Harmonisation of Annex 1 and ISO 14644-1: A deeper look


Alexander Fedotov from Invar explains that the harmonisation of standards seems to be a driving force for setting particle limits and why this may not always result in logical scientific decision making

EU GMP Annex 1 specifies limits of air-borne particles concentration for particle sizes > 0.5 µm and > 5.0 µm. The US FDA requests control of those for 0.5 µm only. There is no evidence that American drugs are worse. Is control of particles > 5.0 µm reasonable or it is a dogma not confirmed by modern knowledge? Is it worthwhile to control particles > 5.0 µm in addition to > 0.5 µm? This article will discuss the consequences of incorrect interpretation of ISO 14644-1 and explain its origin.

Changes to Annex 1

The FDA norms on air cleanliness for aseptic processes have been stable since the 1980s but the EU GMP Annex 1 has been changed several times (Table 1). Limits for particles > 5.0 µm concentrations are subject to change as shown in marked cells in Table 1 (Grades A/B). Initial limits were zero until 2003 because no microorganisms were permitted in these zones. Then some experts said that 0 is statistically nonsensical and a single count can be a result of electronic noise, meaning changes were made in 2003.

Table 1: Changes of Annex 1 limits for airborne particles concentration, Grades A/B. * The form of classification Table in Annex 1 draft 2020 differs from 2008 edition for unknown reasons; this article uses the 2008 form

In 2008, limits for particles > 5.0 µm became 20 instead of 1 for Grade A both at rest and in operation. The consequences were confusing:

a) Particles> 5.0 µm limits became two classes weaker. What about the care for quality that is declared as a paramount GMP purpose? The old 0 or 1 limits were achieved in good cleanrooms long ago and there was seemingly no reason for making norms worse:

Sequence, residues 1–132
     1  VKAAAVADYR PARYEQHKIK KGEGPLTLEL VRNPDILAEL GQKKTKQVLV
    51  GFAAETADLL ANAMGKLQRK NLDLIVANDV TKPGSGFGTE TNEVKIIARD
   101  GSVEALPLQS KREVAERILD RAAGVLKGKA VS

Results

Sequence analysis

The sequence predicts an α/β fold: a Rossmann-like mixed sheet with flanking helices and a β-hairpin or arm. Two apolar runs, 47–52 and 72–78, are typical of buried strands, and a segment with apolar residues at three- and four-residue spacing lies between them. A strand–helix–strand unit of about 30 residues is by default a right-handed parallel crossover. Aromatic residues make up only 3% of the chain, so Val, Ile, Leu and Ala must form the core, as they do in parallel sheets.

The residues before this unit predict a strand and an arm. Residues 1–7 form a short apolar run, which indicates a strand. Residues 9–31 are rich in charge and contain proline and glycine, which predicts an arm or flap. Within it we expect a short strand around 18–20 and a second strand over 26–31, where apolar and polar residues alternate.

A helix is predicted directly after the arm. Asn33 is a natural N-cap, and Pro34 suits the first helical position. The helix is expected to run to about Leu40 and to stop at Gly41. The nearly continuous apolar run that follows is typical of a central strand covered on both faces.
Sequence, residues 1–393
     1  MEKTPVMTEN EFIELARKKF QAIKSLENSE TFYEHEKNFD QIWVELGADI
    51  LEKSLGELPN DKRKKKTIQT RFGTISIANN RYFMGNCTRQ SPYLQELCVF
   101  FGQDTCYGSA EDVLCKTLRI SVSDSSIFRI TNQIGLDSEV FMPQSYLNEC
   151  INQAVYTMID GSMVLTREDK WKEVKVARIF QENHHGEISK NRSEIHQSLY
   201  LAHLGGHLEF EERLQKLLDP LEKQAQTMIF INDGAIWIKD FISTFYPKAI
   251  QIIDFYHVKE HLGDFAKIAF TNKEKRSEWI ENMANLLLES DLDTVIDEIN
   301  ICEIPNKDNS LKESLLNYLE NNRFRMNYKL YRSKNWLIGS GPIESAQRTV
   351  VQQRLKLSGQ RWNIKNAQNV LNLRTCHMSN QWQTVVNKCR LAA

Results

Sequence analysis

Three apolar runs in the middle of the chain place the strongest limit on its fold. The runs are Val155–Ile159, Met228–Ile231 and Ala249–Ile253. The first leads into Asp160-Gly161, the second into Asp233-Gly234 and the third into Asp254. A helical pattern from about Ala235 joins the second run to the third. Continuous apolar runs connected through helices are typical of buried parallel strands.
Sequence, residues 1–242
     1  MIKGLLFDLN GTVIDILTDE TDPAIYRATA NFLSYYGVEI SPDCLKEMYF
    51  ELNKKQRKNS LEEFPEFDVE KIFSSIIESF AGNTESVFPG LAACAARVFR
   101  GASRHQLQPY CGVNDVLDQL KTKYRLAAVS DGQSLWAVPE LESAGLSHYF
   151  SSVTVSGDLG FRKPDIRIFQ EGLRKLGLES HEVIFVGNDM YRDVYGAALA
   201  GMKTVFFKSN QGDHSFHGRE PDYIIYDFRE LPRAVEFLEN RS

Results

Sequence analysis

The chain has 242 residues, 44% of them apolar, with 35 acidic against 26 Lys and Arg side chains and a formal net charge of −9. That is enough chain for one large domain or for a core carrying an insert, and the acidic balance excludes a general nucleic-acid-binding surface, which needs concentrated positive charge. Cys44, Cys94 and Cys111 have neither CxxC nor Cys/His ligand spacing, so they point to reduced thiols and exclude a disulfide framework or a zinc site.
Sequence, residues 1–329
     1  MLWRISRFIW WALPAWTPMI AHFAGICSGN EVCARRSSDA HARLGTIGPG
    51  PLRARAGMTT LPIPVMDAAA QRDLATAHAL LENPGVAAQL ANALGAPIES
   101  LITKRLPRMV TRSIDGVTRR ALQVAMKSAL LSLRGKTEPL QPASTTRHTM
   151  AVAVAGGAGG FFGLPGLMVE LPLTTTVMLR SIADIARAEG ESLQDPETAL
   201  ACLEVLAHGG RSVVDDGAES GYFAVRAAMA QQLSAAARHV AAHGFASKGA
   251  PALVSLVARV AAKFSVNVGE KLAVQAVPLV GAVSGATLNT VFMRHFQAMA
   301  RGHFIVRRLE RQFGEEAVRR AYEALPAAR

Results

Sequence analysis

b) ISO Class 4.8 appeared in 2008. It is not possible to distinguish between ISO 4.8 and ISO 5 classes because of particle counters precision (normally ± 20%) and real fluctuations of particles concentration.

Following this, the Annex 1 draft became even worse increasing the limit for particles > 5.0 µm up to 29!

Harmonisation with ISO 14644-1 standard

It seems that the reason for the Annex 1 change in 2008 and for the 2020 draft was harmonisation with the ISO 14644-1:1999 standard (revised in 2015). Converting particles concentrations for 2003-2008 period of time from Table 1 into ISO Classes gives an interesting picture (Table 2).

Table 2: Annex 1 limits for particles concentration for Grades A/B presented as ISO classes. * Extrapolation of limits in ISO 14664-1 approximately

ISO classes for particles > 0.5 µm and > 5.0 µm for the same occupancy state (at rest or in operation) were dramatically different before 2008. There was an ISO Class 5 for Grades A/B for particles > 0.5 µm and ISO Class 3 (if to make some extrapolation) for particles > 5.0 µm.

This did not seem to work well and so the idea of harmonisation appeared. ISO Class 5 was assigned to Grade B at rest with a limit 29 particles > 5.0 µm/m3 according to ISO 14644-1:1999. The limit of 20 particles > 5.0 µm/m3 for Grade A was taken arbitrarily by experts as it "should be tighter than for Grade B". So ISO Class 4.8 appeared.

But the underlying problem was, nobody asked simple questions:

  • Does the ISO 14644-1 table reflect reality someway or this is an abstract presentation only?
  • Can it be used to set limits for different particle sizes for the same facility?

The ratio between particle concentrations for Grade B "at rest" in Annex 1 is:

Cn>0.5 µm/Cn>5.0 µm = 3500/29 ≈ 121

Testing of cleanrooms by the authors gave experimental data for this ratio that is approximately between 5:1 and 1000:1 for both "at rest" and "in operation" occupancy states. The ratio Cn>0.5 µm/Cn>5.0 µm was ≈ 5-10 for zones B in most cases.

Similar results were presented by a well-known British GMP expert John Sharp. Of course, there was never an intention to set correlation between particle concentrations for different particle sizes. But the ISO table looks impressive and nobody soundly explained its origin and that created misunderstanding.